The World Economic Forum won’t be meeting in Davos at all in 2021 after initially postponing its annual session in January because of the coronavirus crisis, and it is now looking at other locations elsewhere in Switzerland for the gathering.
The yearly event in the Swiss alpine town is a highlight of the international business circuit and in previous years has hosted figures such as President Trump, Chinese President Xi Jinping and financier George Soros. The WEF’s founder and executive chairman, Klaus Schwab, had pitched next year’s gathering as a way for government and business leaders to chart a path out of the economic morass caused by the pandemic.
In August, Adrian Monck, director for public engagement at the forum, said it would postpone the meeting until summer 2021, saying it would instead organize online sessions to discuss the economic challenges presented by the virus. On Tuesday, he said on Twitter that the meeting wouldn’t take place in Davos, but is still on track to happen elsewhere in Switzerland, without elaborating.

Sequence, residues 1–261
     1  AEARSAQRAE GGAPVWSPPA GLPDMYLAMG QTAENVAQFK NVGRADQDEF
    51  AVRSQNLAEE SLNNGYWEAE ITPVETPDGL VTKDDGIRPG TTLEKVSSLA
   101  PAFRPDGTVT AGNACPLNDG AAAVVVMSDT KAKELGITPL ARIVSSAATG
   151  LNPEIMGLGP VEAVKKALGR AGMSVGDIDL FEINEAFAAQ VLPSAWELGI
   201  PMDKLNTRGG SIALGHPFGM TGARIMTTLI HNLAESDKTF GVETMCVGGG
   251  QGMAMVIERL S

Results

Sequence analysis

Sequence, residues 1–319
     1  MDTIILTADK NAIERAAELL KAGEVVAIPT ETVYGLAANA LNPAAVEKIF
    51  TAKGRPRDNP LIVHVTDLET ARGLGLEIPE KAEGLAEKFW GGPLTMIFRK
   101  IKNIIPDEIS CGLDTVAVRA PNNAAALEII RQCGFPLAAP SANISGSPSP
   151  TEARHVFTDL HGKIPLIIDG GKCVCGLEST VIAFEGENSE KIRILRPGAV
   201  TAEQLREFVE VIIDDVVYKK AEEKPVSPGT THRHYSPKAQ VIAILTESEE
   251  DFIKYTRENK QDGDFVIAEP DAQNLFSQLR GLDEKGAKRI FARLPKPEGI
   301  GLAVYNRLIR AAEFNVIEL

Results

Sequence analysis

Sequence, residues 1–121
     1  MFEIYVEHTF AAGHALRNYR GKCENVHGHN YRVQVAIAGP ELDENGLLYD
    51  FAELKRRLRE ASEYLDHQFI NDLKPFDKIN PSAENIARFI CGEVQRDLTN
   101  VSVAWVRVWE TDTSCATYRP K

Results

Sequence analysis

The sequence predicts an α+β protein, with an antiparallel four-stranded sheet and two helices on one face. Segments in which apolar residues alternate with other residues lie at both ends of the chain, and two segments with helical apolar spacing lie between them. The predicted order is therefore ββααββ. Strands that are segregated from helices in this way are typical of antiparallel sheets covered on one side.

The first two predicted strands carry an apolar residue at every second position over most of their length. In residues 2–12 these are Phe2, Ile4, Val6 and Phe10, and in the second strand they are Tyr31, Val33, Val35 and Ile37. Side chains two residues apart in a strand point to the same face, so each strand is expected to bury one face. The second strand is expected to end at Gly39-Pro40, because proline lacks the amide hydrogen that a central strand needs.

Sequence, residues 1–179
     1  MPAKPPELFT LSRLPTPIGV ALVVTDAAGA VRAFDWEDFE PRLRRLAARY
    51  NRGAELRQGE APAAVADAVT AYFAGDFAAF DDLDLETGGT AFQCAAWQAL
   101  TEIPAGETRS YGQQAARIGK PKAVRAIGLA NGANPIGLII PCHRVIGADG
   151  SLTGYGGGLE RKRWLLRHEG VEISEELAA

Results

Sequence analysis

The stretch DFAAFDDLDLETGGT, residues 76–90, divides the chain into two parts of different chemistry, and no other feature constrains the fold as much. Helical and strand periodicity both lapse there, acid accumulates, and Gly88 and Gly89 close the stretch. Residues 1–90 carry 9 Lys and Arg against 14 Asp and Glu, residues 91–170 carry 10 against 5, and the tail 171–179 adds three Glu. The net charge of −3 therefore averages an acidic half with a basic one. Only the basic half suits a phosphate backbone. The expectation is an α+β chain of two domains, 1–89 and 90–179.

The decisions to postpone and then relocate the annual meeting come as companies reconsider any quick return to business travel. In July, Google said it would keep its employees working from home until at least next summer. Many others have realized they can operate effectively through virtual meetings.
In previous years, about 3,000 people have attended annual meetings in Davos, but at times up to 10,000 people have squeezed into the resort, nearly doubling its population, with many of them assisting delegates or participating in side meetings.
The annual meetings are a cash cow for the WEF. According to its annual report, the Davos sessions generated some 13% of the forum’s 344 million Swiss francs ($379 million) in revenue in 2019, the 50th year the meetings have been held. The average price for a ticket in past years was around $26,000, on top of a hefty membership fee.
But recently, some leading politicians and executives have given Davos a wide berth, wary that it increasingly has come to be seen by both supporters and detractors as a rallying symbol for a more globalized economy.
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